7. I think that if you organization is responsible for putting such policies in place, then a vote of no confidence does not really accomplish anything. In particular it does not change any policies. It seems to me that it would be more productive to move the adoption of a policy that you believe should be in place, or to move the creation of a committee to study the policies in which you have little confidence, with instructions to report back improvements to current policies or establishment of new ones, that would improve workplace safety. Here is a relevant FAQ from this web site's FAQ page:
  8. Answering "Present" is essentially the same as abstaining. It does not count as either a Aye or Nay; in fact it is not considered a vote cast at all. If the rules in RONR apply, any member has the right to abstain on a vote.
  9. Well, that is why elections are held. Those who are not fit to serve would, presumably, receive fewer than a majority of the votes cast, which is the number necessary to elect.
  10. No, someone can't just say that debate is limited. And a Parliamentarian worthy of the title should know that. Do you have any rules in place that say your debate is normally limited? If not, RONR provides a ten-minute limit per speech, and a maximum of two speeches on a single question--the second only after everyone has spoken once who wishes to. A change to the rule would be done by a motion to Limit or Extend Limits of Debate [RONR §15] which requires a two-thirds vote.
  11. But then if you refer to Robert's Rules, it says that if there is a conflict, the bylaws supersede Robert's Rules, so I suspect an endless loop would be created, and smoke would pour out of somewhere. 🙂
  12. The term "upon a proper motion" has no meaning at all. Anything a board decides must be by a "proper" motion. Seconds are not required for nominations. Once the election is completed the "newly elected board" is referred to as "The board". The old board is a group of individuals who are former members of the board. So I would interpret the joint meeting requirement as a meeting of The board, to which the members of the former board are invited as guests. If there are any motions to be made or votes to be held, only members of The board should be moving things or voting on them.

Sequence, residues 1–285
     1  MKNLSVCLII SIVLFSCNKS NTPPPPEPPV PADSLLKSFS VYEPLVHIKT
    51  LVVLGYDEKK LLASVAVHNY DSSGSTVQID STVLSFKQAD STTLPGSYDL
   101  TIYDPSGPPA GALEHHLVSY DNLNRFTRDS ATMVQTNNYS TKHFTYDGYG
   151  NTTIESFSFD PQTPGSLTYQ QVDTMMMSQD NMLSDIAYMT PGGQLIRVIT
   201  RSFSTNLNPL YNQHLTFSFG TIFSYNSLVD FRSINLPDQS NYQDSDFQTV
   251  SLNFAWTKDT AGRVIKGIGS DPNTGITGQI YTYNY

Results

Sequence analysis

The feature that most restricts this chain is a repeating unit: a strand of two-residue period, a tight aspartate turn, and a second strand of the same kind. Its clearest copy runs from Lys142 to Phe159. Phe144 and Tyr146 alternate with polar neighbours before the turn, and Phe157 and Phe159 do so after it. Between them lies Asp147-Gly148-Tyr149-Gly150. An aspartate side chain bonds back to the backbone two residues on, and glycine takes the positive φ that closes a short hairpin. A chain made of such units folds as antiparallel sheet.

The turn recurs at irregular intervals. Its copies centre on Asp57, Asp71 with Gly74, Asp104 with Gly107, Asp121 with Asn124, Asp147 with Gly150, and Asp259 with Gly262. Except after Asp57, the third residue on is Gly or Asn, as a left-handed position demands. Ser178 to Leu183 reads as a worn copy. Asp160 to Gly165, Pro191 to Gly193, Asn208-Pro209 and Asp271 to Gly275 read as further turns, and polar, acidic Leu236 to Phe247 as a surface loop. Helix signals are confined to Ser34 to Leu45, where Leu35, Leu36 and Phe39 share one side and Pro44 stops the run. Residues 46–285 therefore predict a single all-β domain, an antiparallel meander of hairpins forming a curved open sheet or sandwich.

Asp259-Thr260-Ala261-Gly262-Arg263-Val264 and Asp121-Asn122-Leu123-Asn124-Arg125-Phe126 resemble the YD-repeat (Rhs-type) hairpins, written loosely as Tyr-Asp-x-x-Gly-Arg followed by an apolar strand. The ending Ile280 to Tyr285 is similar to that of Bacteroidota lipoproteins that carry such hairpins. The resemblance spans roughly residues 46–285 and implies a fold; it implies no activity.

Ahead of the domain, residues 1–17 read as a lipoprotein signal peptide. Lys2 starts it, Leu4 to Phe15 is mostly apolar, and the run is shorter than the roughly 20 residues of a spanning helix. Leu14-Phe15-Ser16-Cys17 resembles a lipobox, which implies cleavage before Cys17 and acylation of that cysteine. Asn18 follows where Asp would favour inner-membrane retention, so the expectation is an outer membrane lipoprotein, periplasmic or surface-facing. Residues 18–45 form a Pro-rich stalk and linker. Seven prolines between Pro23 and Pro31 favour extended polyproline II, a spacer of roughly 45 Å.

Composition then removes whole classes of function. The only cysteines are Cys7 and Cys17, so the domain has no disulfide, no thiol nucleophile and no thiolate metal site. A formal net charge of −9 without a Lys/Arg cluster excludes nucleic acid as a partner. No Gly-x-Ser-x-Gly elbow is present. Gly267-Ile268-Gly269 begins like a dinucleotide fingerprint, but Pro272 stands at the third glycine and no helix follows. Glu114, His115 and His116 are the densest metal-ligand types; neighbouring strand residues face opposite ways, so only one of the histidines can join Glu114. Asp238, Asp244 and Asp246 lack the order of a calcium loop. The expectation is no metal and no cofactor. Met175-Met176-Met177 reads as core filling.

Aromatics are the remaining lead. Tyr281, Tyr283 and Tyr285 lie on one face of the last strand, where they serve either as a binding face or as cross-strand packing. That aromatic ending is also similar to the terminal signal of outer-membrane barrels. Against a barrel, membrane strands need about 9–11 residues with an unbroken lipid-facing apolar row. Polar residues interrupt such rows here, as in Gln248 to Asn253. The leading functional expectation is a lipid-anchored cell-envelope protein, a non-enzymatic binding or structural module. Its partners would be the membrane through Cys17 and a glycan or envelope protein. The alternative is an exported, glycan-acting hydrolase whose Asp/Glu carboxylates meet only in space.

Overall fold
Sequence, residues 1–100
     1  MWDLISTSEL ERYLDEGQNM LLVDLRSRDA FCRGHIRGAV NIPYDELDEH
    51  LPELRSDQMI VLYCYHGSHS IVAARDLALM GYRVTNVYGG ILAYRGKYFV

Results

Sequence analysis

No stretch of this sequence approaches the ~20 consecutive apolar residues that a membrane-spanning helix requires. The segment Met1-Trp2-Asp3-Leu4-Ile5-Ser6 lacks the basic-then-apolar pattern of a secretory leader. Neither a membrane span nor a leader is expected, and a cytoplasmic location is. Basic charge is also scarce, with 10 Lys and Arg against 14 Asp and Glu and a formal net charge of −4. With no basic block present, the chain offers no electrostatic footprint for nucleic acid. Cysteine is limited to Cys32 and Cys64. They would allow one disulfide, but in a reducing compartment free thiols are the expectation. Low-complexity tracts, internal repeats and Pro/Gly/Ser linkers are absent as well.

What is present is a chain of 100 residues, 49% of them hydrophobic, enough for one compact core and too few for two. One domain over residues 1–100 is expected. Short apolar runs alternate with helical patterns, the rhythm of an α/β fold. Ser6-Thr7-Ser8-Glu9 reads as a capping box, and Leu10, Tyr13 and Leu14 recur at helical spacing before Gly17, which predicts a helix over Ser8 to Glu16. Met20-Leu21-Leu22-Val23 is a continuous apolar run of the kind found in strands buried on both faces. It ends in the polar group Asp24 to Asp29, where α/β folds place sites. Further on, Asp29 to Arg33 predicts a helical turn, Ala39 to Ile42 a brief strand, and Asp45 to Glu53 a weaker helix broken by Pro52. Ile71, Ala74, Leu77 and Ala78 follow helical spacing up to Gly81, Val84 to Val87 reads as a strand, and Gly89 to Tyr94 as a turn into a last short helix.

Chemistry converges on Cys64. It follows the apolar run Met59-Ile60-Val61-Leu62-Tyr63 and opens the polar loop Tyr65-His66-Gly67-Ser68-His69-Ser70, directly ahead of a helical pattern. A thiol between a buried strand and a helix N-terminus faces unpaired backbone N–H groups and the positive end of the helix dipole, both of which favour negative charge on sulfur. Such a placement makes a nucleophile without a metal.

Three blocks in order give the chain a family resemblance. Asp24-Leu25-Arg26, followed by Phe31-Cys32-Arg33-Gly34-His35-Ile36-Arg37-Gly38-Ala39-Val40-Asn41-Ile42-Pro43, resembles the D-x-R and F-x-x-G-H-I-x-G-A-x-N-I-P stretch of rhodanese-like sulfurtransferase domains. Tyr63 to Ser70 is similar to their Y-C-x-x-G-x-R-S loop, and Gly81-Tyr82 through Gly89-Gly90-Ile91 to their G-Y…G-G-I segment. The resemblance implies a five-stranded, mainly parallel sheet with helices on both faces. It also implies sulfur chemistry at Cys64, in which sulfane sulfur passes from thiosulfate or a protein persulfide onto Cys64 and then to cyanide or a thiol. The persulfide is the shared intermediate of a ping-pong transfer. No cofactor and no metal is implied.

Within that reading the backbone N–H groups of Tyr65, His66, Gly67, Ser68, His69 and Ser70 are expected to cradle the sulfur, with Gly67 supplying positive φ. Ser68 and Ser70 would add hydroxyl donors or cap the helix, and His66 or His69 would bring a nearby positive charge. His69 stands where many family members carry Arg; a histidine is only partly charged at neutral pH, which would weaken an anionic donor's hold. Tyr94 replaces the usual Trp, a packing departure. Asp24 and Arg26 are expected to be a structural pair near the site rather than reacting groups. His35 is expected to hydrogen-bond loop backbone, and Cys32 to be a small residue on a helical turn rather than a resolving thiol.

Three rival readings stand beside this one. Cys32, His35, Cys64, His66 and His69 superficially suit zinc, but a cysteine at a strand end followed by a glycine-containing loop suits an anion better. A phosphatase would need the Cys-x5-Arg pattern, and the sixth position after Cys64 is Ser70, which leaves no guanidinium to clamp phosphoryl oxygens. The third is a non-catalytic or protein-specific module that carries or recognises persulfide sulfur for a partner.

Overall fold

13. That makes no sense to me at all. Anyone?
  14. I've seen plenty of PTA bylaws, and I think you've got that supersede thing backwards.
  15. I think that's what I said in the first reply. But it was so long ago.
  16. There is no rule stating that you can breathe during meetings. Still, it is a commonly accepted practice.
  17. The motion would be "to conduct an induction of new members this program year." And recommend a No vote on the motion.
  18. It is annoyingly common. If you simply avoid putting in any rule on this subject, the rules in RONR will apply, which say that the president normally does not exercise the right to vote except when: The vote is by ballot, or The single vote of the president could affect the outcome of the vote (which could just as easily be to create a tie, defeating the motion, as to break a tie, adopting it, or The group is meeting under Small Board Rules, intended for use in committees and boards of no more than about a dozen members. See FAQ #1
  19. I would recommend not specifying a particular platform by name in the bylaws, but rather use more generic terms, and specify the characteristics required for a platform that can be used for electronic meetings. (Which Zoom would presumably meet.) If for some reason Zoom is sold off or becomes unavailable, you are locked in to a situation that you cannot easily change.
  20. Well, you won't know for certain that there are no opposing candidates until you call for further nominations from the floor at the November meeting.
  21. That is not how it appeared to me when I looked. But it could have been the hard cider talking. In any case, it is apparent that we agreed, so file it under: No Harm No Foul. 🥴
  22. RONR has no provisions for "challenging the chair", except under the chapter (XX) on discipline. If you have rules in your bylaws that allow this procedure, then follow those rules. Otherwise follow the rules in Chapter XX, specifically §62. REMOVAL FROM OFFICE AND OTHER REMEDIES FOR DERELICTION OF DUTY IN OFFICE OR MISCONDUCT. And in nearly all cases, the removal of a president would not cause an election, but rather the filling of the vacancy in the office of vice president, which would result from the former vice president's automatic and immediate succession to the office of president. It would be highly unusual for a letter from a single member to create such drama, and it would be similarly unusual for the board, rather than the membership, to be authorized to remove the president. Which group, the board or the membership, elects the president in the first place?
  23. Almost. You would approve the backlogged minutes in chronological order beginning with the oldest and ending with the current draft minutes. You could then move to authorize the board or a committee to approve the minutes of the current meeting.